four books, four paragraphs

Eclectic. Always liked that word. Pop across to the on-line dictionary and it means 'deriving ideas, style, or tastes from a broad and diverse range of sources'. I like being eclectic when it comes to reading books on preaching. Here are four which I've enjoyed so far in 2018.

Two of the first volumes in The Artistry of Preaching cover the exact skills which I find most absent among those who wave the exposition flag the most vigorously. The importance of using illustrations and then harvesting them from your own everyday life; and the importance of a 'prevailing image', recognising that the sermon will sink into the ear-heart-mind more effectively if it also sinks into the imagination. In Preaching in Pictures, Peter Jonker makes a case for 'the controlling image' - to be crafted with the same care as the 'big idea', or the proposition.

As I gaze up at my bookshelves, the silver of the New Studies in Biblical Theology series often catches my eye and as it does so, my mind wanders across to dreamland and the thought of a sabbatical where I sit down and read each one of them. I love this series! [NB: the picture below is not taken from my bookshelf (I wish), but the IVP website].

In my determination to strengthen my 'theology of word' as a trainer of preachers, Jonathan Griffith's Preaching in the New Testament was on my hit list. It is a series of exegetical studies around central passages in the New Testament which address preaching. While the decision to limit himself to just 3 of the original Greek words seems a bit curious (Kittel, for example, opts for 33!), the stroll through passages in 2 Timothy, Romans, 1 Corinthians, 2 Corinthians, 1 Thessalonians and Hebrews is so simple and clear. As is often the case with this series, the 'Summary and Conclusions' chapter leaves me thinking, 'I need to make this required reading for a course.'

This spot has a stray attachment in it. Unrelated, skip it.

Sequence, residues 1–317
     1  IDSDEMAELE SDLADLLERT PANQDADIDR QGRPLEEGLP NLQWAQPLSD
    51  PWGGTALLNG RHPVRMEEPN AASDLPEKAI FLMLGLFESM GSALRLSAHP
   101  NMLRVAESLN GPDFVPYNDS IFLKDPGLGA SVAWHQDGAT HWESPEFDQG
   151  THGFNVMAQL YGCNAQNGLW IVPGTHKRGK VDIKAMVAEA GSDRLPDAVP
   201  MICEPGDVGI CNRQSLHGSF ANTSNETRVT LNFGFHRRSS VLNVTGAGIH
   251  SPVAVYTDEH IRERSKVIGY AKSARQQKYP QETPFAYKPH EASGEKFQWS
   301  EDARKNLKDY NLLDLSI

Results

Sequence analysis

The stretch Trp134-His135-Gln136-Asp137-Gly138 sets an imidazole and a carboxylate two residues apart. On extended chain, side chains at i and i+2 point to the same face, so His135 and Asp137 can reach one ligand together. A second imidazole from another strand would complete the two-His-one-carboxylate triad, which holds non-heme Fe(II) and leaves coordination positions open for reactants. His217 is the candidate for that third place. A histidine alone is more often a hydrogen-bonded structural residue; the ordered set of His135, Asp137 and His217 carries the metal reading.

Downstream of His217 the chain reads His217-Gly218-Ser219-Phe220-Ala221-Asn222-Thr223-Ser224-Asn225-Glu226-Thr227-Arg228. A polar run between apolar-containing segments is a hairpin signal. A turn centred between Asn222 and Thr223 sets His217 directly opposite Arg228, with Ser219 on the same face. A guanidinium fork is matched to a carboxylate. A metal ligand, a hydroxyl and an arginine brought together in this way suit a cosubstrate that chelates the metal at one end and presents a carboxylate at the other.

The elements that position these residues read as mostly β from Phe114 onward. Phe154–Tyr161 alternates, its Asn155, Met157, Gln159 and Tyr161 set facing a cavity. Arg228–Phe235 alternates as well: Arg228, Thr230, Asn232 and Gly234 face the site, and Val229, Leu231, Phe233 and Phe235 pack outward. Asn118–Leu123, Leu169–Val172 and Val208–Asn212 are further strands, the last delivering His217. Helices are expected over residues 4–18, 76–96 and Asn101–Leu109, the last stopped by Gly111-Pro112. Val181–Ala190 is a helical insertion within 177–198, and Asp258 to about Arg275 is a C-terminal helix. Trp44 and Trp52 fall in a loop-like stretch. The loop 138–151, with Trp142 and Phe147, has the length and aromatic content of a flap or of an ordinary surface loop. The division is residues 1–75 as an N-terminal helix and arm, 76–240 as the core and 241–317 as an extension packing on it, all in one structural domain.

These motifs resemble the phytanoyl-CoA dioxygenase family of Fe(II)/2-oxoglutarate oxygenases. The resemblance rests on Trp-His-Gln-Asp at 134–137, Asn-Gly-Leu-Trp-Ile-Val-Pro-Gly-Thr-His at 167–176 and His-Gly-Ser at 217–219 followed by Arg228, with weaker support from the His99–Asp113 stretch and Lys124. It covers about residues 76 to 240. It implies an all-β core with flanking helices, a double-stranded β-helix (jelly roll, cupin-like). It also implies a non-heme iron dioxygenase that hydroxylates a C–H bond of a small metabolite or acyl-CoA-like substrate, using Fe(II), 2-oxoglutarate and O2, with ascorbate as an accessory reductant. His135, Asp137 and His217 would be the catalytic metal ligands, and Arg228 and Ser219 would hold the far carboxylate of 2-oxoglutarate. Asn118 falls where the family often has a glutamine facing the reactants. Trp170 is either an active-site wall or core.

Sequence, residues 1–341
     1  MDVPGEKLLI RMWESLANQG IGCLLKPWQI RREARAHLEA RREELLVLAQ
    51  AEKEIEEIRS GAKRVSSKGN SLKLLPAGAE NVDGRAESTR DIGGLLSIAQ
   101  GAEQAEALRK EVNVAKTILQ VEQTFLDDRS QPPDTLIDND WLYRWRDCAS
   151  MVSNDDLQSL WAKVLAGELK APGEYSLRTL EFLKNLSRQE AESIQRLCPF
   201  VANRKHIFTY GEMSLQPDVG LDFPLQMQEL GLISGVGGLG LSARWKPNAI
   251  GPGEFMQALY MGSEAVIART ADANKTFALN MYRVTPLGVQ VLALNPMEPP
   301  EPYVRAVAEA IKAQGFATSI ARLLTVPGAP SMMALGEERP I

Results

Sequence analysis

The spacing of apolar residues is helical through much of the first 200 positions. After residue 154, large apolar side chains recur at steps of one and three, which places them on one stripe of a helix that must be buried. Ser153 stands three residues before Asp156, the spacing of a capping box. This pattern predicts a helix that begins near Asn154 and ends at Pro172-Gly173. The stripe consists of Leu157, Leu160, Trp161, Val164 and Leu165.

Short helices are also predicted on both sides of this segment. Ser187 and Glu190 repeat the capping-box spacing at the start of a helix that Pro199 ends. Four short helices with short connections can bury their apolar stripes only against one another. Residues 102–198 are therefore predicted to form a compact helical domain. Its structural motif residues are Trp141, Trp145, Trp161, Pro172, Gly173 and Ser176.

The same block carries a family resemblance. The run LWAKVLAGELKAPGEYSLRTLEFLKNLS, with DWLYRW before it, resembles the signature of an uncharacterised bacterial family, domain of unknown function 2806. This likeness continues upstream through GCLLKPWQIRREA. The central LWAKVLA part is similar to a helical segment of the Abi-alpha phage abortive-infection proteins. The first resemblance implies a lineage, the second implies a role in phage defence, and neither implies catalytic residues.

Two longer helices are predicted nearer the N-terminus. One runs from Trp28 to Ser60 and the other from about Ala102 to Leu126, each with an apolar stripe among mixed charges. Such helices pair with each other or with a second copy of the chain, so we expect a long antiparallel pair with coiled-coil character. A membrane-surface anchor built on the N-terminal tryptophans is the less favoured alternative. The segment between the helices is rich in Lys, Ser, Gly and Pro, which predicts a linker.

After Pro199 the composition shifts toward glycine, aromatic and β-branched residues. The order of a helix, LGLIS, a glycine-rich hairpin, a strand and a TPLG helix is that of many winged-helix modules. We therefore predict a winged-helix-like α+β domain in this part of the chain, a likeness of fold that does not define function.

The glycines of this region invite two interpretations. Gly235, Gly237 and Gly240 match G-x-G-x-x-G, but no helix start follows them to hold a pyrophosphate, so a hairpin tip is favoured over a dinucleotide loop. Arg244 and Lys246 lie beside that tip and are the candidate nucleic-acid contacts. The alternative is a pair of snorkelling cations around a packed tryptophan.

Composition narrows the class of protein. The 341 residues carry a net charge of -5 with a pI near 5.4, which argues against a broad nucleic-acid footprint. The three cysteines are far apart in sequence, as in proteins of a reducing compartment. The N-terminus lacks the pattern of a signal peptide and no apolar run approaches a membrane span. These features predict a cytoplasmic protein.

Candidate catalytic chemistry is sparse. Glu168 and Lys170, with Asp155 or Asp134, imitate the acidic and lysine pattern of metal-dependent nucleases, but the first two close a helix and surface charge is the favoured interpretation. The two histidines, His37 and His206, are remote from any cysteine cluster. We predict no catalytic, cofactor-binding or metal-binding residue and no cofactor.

In March I was at a conference in Singapore at Trinity Theological College in Singapore, listening to Dr Mark Chan do a fabulous session on a theology of preaching. He mentioned Jonathan Leeman's Reverberation and how in preaching, the word is not meant to sound just the once in the sermon, but we are to preach in a way that helps it reverberate, or echo, throughout the life of the people as they gather and scatter as the church. Love that image - and this book. I keep revising my two 'top ten' book lists, one for beginning preachers and one for experienced preachers ... and I am going to need to make space for this book in that first list. It is that helpful.
From the simple to the sublime (or, the clear to the complex!). As a teacher, I am so conscious of the questions I can't answer well, made worse by the fact that I am not good at thinking-on-my-feet. One of those questions is, "When is it that the preaching of my sermon becomes the word of God for my people, if at all?". It has gnawed away for years. Earlier this year I waded through a PhD thesis that asks and answers that very question: Sam Chan's Preaching as the Word of God. It is complex (for example, he uses 'speech act theory' to resolve the issue) but he is an exceptional writer and the argument, as it builds, can be followed by a thoughtful reader.

On reflection, maybe this is not my best eclectic work on books on preaching! Give myself a B- for a good effort. Afterall, three of the four come from a very similar theological stable. Never mind. Each one is well worth reading.

nice chatting



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